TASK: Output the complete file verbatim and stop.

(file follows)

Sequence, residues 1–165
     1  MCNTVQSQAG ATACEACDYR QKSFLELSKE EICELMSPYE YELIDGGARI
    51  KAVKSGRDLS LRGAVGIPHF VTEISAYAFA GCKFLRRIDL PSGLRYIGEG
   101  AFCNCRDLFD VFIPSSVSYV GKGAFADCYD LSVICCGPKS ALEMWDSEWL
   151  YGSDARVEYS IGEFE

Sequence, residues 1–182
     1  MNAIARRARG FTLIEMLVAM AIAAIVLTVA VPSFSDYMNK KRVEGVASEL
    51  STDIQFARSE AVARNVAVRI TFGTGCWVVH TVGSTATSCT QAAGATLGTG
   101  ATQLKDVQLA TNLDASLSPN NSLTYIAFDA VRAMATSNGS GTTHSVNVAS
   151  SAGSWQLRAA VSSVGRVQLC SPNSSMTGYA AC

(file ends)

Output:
Sequence, residues 1–165
     1  MCNTVQSQAG ATACEACDYR QKSFLELSKE EICELMSPYE YELIDGGARI
    51  KAVKSGRDLS LRGAVGIPHF VTEISAYAFA GCKFLRRIDL PSGLRYIGEG
   101  AFCNCRDLFD VFIPSSVSYV GKGAFADCYD LSVICCGPKS ALEMWDSEWL
   151  YGSDARVEYS IGEFE

Sequence, residues 1–182
     1  MNAIARRARG FTLIEMLVAM AIAAIVLTVA VPSFSDYMNK KRVEGVASEL
    51  STDIQFARSE AVARNVAVRI TFGTGCWVVH TVGSTATSCT QAAGATLGTG
   101  ATQLKDVQLA TNLDASLSPN NSLTYIAFDA VRAMATSNGS GTTHSVNVAS
   151  SAGSWQLRAA VSSVGRVQLC SPNSSMTGYA AC